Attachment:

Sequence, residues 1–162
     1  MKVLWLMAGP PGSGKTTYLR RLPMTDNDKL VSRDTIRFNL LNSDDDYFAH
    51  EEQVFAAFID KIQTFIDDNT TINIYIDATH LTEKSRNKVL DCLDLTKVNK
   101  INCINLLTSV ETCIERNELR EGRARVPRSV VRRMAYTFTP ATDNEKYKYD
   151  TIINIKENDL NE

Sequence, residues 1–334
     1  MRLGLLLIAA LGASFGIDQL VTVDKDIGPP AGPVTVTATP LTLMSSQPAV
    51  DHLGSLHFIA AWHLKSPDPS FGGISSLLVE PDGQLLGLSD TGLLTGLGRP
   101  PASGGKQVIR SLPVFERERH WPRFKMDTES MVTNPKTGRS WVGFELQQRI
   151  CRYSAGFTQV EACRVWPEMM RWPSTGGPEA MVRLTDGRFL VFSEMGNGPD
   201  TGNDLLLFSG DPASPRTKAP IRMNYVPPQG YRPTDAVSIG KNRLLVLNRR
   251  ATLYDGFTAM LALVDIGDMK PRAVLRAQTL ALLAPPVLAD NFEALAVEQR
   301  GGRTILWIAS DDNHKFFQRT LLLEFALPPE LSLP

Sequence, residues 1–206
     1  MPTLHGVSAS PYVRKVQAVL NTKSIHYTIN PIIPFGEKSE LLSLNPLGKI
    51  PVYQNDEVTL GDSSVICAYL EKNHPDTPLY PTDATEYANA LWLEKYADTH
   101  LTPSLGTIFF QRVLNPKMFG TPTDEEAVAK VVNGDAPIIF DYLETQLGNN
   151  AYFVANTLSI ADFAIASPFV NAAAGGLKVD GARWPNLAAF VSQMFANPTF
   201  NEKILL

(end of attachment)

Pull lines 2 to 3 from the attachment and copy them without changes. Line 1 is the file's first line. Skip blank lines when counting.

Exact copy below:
     1  MKVLWLMAGP PGSGKTTYLR RLPMTDNDKL VSRDTIRFNL LNSDDDYFAH
    51  EEQVFAAFID KIQTFIDDNT TINIYIDATH LTEKSRNKVL DCLDLTKVNK